What would be your advice to someone trying to get into your area of expertise?

There are different types of Researcher – Archive, Shooting, Casting, Development, and many more! Find out what area of TV excites you most and begin looking into the requirements of that role as early as possible. If you’re unsure what area would suit you best, begin as a Runner and observe colleagues fulfilling those roles whilst you work. Once you know where you want to go, start planning your route to get there. Watch lots of TV, find the production companies that make the kind of content that you like to watch, send your CV out to Talent Managers, and put yourself out there! Listen, learn, and stay curious.

What’s your best TV life hack?

Talent Manager! Every time someone asks me for advice about getting into TV or moving up the ladder, I always ask them if they’ve joined Talent Manager. Ensuring that you keep your profile up-to-date, connect on TM with people you’ve met or worked with, and applying for appropriate jobs when they pop up is the best way to get your name known.

Apart from TM, watch TV! Know which companies are making what and for which channels? Find out what is popular and what is not doing so well. This will help you immensely when working in Development.

For casting, make sure to grow your social media platforms. Create social media accounts just for casting (ensure you don’t have any personal info on there, apart from your name and a photo of yourself) and start to explore! Join Facebook groups with a large following, this will make posting advertisements for casting outreach far more streamlined when you have to do it. Find characters on TikTok on Instagram that might have potential to be on TV. If you leave these things to the last minute on a job, you’ll find Facebook could block your account (because you can’t join lots of groups all at one time – they think you’re a bot!), and you’ll always be one step ahead when looking for new and exciting talent.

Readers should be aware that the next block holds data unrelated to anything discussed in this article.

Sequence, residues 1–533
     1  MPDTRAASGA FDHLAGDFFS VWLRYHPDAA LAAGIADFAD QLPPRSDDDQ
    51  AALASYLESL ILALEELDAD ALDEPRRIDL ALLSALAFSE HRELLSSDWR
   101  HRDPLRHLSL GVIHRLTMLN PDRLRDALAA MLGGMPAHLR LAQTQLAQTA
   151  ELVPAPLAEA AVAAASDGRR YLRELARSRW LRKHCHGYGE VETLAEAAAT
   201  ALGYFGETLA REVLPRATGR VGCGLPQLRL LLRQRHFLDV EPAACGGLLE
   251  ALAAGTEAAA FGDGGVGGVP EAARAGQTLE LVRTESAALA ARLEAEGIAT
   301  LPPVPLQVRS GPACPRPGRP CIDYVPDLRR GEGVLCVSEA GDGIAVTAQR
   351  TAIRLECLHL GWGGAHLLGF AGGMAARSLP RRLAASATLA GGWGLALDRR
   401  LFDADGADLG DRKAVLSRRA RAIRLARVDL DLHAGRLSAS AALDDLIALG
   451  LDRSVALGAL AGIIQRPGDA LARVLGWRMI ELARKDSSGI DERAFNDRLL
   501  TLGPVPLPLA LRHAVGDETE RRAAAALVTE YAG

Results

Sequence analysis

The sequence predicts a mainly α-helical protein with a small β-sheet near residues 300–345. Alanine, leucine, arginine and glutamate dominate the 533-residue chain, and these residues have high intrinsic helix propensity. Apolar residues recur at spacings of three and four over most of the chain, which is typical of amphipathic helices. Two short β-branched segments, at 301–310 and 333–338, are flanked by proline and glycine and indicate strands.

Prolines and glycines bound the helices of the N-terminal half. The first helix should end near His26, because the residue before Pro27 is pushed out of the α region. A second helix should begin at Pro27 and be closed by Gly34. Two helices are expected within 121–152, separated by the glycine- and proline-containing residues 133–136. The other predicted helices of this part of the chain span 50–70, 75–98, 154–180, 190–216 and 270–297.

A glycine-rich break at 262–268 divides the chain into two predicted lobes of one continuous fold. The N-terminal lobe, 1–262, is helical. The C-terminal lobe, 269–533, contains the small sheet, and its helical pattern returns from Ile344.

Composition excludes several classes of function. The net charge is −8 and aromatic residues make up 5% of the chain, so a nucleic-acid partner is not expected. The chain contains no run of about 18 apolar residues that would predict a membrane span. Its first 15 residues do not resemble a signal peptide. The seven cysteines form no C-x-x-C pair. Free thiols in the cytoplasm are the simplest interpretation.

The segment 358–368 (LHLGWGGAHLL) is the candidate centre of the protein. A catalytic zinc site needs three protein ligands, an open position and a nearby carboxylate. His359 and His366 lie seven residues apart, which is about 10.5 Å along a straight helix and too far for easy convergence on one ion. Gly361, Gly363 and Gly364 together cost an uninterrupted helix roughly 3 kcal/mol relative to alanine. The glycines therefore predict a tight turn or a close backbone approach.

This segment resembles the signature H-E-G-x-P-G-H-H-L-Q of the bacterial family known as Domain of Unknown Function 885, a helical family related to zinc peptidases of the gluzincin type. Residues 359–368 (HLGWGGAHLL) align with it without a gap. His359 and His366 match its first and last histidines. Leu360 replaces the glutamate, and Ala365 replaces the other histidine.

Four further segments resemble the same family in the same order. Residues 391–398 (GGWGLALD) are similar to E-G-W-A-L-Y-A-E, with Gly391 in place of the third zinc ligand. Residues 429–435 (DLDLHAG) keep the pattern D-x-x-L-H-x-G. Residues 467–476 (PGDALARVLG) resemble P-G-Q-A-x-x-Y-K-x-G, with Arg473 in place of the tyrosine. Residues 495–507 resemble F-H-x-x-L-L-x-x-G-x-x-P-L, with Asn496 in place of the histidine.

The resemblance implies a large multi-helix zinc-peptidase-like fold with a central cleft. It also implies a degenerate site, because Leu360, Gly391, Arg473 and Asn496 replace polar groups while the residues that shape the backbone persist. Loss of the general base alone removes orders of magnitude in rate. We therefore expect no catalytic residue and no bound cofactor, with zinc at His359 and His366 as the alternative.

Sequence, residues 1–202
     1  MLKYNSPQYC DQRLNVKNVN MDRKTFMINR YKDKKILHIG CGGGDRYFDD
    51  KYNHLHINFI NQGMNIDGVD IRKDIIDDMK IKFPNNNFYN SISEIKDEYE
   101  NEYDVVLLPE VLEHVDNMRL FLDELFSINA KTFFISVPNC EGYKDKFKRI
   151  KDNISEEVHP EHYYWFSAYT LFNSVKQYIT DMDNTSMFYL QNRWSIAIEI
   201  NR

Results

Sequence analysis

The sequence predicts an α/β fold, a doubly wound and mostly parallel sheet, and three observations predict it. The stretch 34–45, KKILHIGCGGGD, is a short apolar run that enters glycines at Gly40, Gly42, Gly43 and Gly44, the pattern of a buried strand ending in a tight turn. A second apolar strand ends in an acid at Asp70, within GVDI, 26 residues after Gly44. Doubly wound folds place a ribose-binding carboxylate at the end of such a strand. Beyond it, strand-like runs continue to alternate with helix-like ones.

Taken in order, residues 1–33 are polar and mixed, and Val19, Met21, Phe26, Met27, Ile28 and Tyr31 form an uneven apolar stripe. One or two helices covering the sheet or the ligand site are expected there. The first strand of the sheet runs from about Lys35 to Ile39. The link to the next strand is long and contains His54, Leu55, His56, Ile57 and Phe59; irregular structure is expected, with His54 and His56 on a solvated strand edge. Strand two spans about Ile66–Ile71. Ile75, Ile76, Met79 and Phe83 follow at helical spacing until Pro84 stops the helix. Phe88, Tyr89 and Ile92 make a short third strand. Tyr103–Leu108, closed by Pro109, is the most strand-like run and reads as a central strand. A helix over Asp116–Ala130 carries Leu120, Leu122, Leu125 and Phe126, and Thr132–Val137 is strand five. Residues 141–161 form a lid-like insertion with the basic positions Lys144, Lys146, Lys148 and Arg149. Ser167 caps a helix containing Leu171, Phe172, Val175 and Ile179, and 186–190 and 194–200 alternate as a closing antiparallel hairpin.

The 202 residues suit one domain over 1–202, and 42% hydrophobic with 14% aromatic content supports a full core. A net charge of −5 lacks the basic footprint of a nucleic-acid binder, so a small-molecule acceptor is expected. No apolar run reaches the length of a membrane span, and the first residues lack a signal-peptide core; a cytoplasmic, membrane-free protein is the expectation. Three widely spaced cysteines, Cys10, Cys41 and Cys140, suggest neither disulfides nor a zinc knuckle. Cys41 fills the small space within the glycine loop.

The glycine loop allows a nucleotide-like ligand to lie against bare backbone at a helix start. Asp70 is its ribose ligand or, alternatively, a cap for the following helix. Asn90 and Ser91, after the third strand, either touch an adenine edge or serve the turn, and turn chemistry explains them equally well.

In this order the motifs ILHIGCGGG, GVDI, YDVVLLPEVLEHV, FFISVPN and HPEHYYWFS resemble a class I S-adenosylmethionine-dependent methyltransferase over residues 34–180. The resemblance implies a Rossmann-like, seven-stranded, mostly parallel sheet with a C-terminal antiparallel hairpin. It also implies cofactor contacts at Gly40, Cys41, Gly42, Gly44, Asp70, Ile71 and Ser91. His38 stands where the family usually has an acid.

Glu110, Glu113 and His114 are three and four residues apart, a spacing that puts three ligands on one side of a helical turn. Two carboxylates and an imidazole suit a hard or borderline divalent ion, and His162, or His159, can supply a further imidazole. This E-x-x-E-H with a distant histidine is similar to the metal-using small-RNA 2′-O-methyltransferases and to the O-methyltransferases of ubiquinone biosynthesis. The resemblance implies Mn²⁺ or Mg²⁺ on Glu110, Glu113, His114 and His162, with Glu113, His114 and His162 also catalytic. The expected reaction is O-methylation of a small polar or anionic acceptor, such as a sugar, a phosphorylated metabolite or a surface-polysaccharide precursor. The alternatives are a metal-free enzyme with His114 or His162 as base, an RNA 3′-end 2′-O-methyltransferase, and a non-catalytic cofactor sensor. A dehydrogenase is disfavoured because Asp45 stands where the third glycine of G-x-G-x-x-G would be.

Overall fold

Why do you like using Talent Manager?

Talent Manager is my go-to place to find work. When I’m not directly approached for a job, I will hop onto the TM Jobs board to find my next potential contract. Talent Manager makes browsing for jobs so easy, with the ability to also see who in your contacts list have worked for the production company you’re interested in joining. This means you can ask them for feedback on their experience during their time there, decide whether you might be suited for the role, and find out whether your interests align with that of the company’s.

In particular, what are the benefits to being a Pro member?

When I’m TM Pro, I know my profile will be more accessible as it is bumped to the top of search lists. I am very nosy, and when it comes to being a Pro member, I am able to see which individuals or companies have been viewing my profile. This can often be a confidence boost and it also gives me an insight into how well I am promoting myself and how I could improve this!

Thanks for sharing your answers with us! Connect with Beth's TM profile here - she is available for work now!